Trans Student Hopes to Make High School Softball Dreams a Reality

Pat Cordova-Goff never thought she'd have the chance to play sports after coming out as transgender. A recently implemented California law has given her hope.

BY Parker Marie Molloy

February 13 2014 11:38 AM ET

Pat Cordova-Goff, a 17-year-old transgender girl, is hoping to become the first openly transgender student to participate in a California Interscholastic Federation-Southern Section athletic competition. Cordova-Goff made news last year when she became the first transgender student to be named to her school's homecoming court, and now aims to find a spot on Azusa High School's girls softball roster.

Cordova-Goff is the president of her school's gay-straight alliance, the associated student body president, and with a 4.0, she has the eighth-highest grade point average in her class. But having the opportunity to participate in athletics was something she thought had disappeared when she came out as transgender during the summer between her freshman and sophomore year.

"That's why when California passed AB 1266, I knew I would play softball," Cordova-Goff told the San Gabriel Valley Tribune. "At first, I was kind of nervous because I thought maybe I lost my talent," she said in reference to her time spent playing baseball as a child. "But it felt natural. And I think because I played for so long, and I loved the sport, it was like I was back where I belonged."

California's AB 1266, also known as the School Success and Opportunity Act, is a recently implemented bill prohibiting discrimination on the basis of gender identity statewide. Designed to provide students like Cordova-Goff the same opportunities to enrich their academic tenure by offering them equal access to classes, facilities, and extra curricular activities consistent with their gender identity, the bill has come under fire by a numer of conservative groups that claim the bill violates the privacy of cisgender (non-trans) students. These groups, united in a coalition known as Privacy for All Students, which includes 2013 Advocate Phobie Award runner-up the Pacific Justice Institute, are in the process of mounting a repeal effort, hoping to get the bill's fate put up for referendum this November.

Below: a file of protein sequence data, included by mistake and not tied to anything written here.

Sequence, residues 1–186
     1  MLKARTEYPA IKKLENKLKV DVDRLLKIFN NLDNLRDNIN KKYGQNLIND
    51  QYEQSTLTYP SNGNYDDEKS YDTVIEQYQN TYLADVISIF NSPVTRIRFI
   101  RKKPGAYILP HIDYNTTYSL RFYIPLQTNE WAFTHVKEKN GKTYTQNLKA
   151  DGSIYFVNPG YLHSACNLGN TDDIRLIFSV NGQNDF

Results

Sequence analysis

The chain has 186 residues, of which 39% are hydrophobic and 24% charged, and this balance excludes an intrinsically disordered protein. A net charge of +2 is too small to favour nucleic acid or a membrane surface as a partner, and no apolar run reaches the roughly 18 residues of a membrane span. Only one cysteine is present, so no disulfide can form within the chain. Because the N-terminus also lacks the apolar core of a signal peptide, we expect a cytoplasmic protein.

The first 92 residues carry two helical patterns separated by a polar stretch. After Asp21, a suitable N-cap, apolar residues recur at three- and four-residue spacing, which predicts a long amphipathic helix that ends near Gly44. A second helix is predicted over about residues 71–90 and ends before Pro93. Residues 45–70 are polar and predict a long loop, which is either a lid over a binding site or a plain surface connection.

"Our district encourages all students to participate in extracurricular activities and athlatics," Superintendent Linda Kaminski told the Tribune. "We want to ensure that every student has access to these components of our educational program. These types of activities enrich the school experience for our students."

Whether or not Cordova-Goff manages to earn one of the 15 varsity or junior varsity roster spots remains to be seen, though results of the tryout are expected to be posted this week.

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